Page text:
Sony Music warns AI companies against ‘unauthorized use’ of its content

Ora Sawyers

Sony Music sent letters to hundreds of tech companies and warned them against using its content without permission, according to Bloomberg, which obtained a copy of the letter.

The letter was sent to more than 700 AI companies and streaming platforms and said that “unauthorized use” of Sony Music content for AI systems denies the label and artists “control and compensation” of their work. The letter, according to Bloomberg, calls out the “training, development or commercialization of AI systems” that use copyrighted material, including music, art, and lyrics. Sony Music artists include Doja Cat, Billy Joel, Celine Dion, and Lil Nas X, among many others. Sony Music didn’t immediately respond to a request for comment.

The music industry has been particularly aggressive in its efforts to control how its copyrighted work is used when it comes to AI tools. On YouTube, where AI voice clones of musicians exploded last year, labels have brokered a strict set of rules that apply to the music industry (everyone else gets much looser protections). At the same time, the platform has introduced AI music tools like Dream Track, which generates songs in the style of a handful of artists based on text prompts.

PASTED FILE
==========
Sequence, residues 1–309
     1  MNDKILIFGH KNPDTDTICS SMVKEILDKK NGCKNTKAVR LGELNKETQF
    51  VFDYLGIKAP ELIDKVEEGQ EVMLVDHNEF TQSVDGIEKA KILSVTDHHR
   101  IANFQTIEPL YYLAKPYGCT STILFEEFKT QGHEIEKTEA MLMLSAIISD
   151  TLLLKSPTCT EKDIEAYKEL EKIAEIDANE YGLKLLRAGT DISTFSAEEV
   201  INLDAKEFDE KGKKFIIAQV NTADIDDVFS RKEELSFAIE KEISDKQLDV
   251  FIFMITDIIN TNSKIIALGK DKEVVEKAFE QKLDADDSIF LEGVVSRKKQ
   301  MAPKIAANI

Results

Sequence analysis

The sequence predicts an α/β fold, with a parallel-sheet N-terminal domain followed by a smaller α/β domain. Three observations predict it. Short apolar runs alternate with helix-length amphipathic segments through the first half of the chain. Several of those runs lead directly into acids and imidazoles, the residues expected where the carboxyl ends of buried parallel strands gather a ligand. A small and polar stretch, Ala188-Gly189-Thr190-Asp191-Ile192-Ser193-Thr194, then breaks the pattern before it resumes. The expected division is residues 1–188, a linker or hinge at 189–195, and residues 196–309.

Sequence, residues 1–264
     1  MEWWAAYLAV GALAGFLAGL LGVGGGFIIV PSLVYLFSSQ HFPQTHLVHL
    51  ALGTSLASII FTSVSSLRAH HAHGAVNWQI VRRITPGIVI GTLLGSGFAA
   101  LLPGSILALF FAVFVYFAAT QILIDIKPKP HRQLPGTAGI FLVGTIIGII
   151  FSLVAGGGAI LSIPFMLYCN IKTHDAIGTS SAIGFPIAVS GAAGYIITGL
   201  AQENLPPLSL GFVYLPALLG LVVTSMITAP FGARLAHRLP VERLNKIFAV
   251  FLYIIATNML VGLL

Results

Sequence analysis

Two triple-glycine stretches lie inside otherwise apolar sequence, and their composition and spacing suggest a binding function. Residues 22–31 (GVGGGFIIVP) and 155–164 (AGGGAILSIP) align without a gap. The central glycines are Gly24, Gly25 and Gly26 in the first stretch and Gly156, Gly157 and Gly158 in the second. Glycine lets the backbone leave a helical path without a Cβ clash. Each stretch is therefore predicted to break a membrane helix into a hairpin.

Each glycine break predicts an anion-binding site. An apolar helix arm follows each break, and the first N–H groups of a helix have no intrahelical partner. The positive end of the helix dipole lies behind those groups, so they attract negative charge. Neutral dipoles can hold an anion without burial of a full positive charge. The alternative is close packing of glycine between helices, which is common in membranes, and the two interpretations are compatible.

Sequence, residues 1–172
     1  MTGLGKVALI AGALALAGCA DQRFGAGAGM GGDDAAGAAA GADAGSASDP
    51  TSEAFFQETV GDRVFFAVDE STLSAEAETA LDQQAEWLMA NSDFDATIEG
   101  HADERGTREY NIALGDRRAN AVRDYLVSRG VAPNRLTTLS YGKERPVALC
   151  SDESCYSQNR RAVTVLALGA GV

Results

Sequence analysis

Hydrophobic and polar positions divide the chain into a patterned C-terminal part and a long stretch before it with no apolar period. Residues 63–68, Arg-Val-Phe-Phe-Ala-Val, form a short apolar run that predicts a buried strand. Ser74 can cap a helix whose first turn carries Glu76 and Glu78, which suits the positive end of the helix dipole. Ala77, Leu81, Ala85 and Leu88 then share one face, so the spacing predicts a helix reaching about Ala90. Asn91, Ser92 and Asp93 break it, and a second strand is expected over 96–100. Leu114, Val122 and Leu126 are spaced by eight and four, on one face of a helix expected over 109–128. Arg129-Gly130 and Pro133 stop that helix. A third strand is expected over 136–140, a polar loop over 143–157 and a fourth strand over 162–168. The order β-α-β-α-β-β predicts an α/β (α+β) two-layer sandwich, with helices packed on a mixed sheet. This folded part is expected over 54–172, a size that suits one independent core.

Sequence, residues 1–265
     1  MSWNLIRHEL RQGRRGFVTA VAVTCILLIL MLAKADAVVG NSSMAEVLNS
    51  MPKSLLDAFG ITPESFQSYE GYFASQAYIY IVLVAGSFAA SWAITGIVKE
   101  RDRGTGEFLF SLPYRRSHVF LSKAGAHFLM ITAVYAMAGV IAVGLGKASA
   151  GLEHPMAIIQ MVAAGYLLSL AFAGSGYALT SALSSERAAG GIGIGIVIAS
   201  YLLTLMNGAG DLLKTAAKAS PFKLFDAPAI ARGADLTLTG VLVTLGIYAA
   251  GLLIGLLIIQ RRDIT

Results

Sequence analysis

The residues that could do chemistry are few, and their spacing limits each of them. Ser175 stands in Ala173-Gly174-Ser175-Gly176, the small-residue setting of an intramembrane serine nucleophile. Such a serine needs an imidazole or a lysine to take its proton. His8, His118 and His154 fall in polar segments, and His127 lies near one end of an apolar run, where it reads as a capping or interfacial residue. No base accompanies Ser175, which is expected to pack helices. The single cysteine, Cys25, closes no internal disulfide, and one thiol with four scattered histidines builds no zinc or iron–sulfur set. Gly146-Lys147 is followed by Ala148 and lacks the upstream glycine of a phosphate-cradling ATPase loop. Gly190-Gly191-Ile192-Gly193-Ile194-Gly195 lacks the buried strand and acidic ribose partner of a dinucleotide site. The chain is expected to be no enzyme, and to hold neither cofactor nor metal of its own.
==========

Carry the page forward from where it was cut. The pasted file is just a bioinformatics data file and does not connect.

Perhaps the most visible example of the fight over music copyright and AI has been on TikTok. In February, Universal Music Group pulled its entire roster of artists’ music from the platform after licensing negotiations fell apart. Viral videos fell silent as songs by artists like Taylor Swift and Ariana Grande disappeared from the platform.

The absence, though, didn’t last long: in April, leading up to the release of her new album, Swift’s music silently returned to TikTok (gotta get that promo somehow). By early May, the stand-off had ended, and UMG artists were back on TikTok. The two companies say a deal was reached with more protections around AI and “new monetization opportunities” around e-commerce.

“TikTok and UMG will work together to ensure AI development across the music industry will protect human artistry and the economics that flow to those artists and songwriters,” a press release read.

Beyond copyright, AI-generated voice clones used to create new songs have raised questions around how much control a person has over their voice. AI companies have trained models on libraries of recordings — often without consent — and allowed the public to use the models to generate new material. But even claiming right of publicity and likeness could be challenging, given the patchwork of laws that vary state by state in the US.

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